Chapter 2: planning for retirement needs.
Retirement planning is "interdisciplinary." It combines the skills of the traditional estate planner, the financial planner, and the benefit/compensation planner. The broad range of issues that must be addressed makes this one of the most challenging of the financial services disciplines.
Retirement planning is also multifaceted because of the broad range of clients that must be served. For example it encompasses advice to clients many years in advance of retirement, as well as to clients just at retirement and thereafter. Clients may also range from business owners who are able to use their businesses to help provide retirement benefits, to key executives who can bargain effectively with their employers regarding retirement benefits, to employees who have no significant say in their employee benefit package. All these different types of clients may have needs for retirement planning as well as sufficient assets to require the services of a planner.
Perhaps no single advisor should attempt to handle all aspects of retirement planning alone. Any person giving advice in these situations should know when it is appropriate to call in an employee benefits expert, a lawyer specializing in estate planning, an expert portfolio manager, or whatever other specialist is required. However, all financial planners should understand the basics of retirement planning-the broad general approaches, the tools and techniques-and where they fit in.
Retirement planning is fundamentally composed of three basic steps: (1) assessing the financial needs the client will have at retirement, (2) determining how much of this need will likely be met, based on current assets and income, and (3) establishing a plan for any projected shortfall in cash flow. But before any of these steps can be undertaken, the planner must determine what the client's current assets and income sources are, and evaluate the impact that major financial goals may have on these assets.
CURRENT INCOME SOURCES AND ASSETS
A worthwhile retirement plan cannot be provided unless the planner has detailed and precise financial information about the client's existing assets and income sources. In fact, "due diligence" in retirement planning requires the planner to make every effort to obtain accurate and complete financial information. The planner should be wary of clients who are reluctant to provide such information. (See Appendix I, Malpractice.)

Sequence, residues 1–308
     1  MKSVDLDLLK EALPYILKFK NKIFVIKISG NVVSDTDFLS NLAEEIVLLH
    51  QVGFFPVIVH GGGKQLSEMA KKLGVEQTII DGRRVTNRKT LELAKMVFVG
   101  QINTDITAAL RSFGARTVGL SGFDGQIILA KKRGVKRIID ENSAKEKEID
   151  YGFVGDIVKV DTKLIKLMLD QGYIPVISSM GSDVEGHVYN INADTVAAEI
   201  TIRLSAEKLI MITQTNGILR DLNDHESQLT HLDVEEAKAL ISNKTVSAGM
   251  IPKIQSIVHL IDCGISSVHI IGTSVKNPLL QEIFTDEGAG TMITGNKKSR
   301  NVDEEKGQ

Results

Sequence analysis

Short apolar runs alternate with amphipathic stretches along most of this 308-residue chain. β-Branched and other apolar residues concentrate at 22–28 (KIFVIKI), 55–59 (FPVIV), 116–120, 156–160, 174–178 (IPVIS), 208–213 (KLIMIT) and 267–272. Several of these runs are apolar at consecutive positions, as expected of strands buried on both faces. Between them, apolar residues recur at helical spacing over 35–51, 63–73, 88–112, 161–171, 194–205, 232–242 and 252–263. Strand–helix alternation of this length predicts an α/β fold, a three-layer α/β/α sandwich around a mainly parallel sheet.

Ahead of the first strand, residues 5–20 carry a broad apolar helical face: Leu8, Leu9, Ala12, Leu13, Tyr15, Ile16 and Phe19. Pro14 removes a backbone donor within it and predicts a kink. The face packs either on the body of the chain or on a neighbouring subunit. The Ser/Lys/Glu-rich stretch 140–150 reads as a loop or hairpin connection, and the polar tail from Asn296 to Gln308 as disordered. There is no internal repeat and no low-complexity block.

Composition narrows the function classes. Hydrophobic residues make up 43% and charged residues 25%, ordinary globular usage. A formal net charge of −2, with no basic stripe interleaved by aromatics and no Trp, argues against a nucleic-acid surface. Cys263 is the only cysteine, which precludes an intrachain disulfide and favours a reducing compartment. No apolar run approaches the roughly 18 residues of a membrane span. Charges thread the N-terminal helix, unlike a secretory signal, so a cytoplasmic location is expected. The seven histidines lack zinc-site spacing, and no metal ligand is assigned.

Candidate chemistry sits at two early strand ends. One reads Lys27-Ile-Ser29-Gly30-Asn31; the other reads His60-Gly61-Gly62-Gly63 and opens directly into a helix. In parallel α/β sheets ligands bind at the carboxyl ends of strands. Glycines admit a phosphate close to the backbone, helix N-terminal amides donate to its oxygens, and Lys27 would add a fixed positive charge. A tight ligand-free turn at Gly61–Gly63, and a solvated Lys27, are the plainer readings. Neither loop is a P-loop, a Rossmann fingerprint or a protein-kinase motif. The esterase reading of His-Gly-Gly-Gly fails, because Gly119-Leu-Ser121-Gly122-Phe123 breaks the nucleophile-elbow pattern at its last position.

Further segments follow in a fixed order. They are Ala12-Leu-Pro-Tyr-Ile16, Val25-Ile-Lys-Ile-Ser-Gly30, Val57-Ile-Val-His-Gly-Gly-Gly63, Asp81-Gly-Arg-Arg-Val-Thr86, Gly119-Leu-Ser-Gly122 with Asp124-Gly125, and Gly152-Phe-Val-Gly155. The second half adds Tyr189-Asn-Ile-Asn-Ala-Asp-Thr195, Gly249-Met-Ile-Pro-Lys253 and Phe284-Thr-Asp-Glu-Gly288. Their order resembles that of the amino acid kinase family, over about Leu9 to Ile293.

Retirement planning practitioners should develop a "fact finder" for clients that will systematize this process. A sample fact finder, titled Retirement Planning Asset Worksheet (see Figure 2.1) is included at the end of this chapter. Some key elements:
A. Benefit plan information. Retirement planning requires complete information about all employee benefit plans in which the client and the client's spouse are currently participating or have ever participated. Not only retirement plans (qualified or nonqualified) but other benefit plans such as health insurance, life insurance, or even such fringe benefits as membership in company athletic or health clubs after retirement may be significant in the retirement planning process.
In addition to private employer benefit plans, government benefits also should be estimated-Social Security, veterans' benefits, and the like.
In order to accurately forecast the level of employee benefits available, the planner needs to see actual benefit plan documents; it is not enough to rely simply on the client's informal impression of what his benefit programs provide. Generally, if a plan provides a Summary Plan Description (SPD), as do most ERISA-affected plans (see Chapter 12), the SPD should be sufficient. For qualified plans, employers are required to provide an individual benefit statement at least once annually. In some cases, the planner might wish to look at the actual underlying plan documents, which the client has the right to request under ERISA. (Companies can charge a reasonable copying fee for providing copies.)
For non-ERISA plans, there often are no formal documentation requirements, so it may be difficult to obtain adequate written information about such benefits. However, most companies provide a "benefits manual" or other literature covering these benefits.
In general, when examining benefit plans, focus on:
* What vested benefits at retirement does the plan now provide-that is, even if the employee terminated employment today?
* What will the plan provide at retirement, if the employee continues working? If the benefits are based on salary, what is a reasonable salary forecast?
* How solid are predictions of future benefits? For example, health benefit plans are currently in constant flux. Can a planner have any confidence that if health benefit plans are even available at retirement 15 years from now, they will have any resemblance to current benefits? The employer's financial stability also has a bearing on this issue.
* To what extent can the employee control the employee benefits available at retirement? Do employer plans have options available to the employee to change or increase benefits, possibly on a contributory basis? (See the chapters on FSAs (Chapter 40) and Cafeteria Plans (Chapter 39), for example.) Can the employee individually negotiate better or different benefits? At the extreme, an owner or majority shareholder can-and generally should-arrange the company's benefit plans to be consistent with his own individual retirement planning.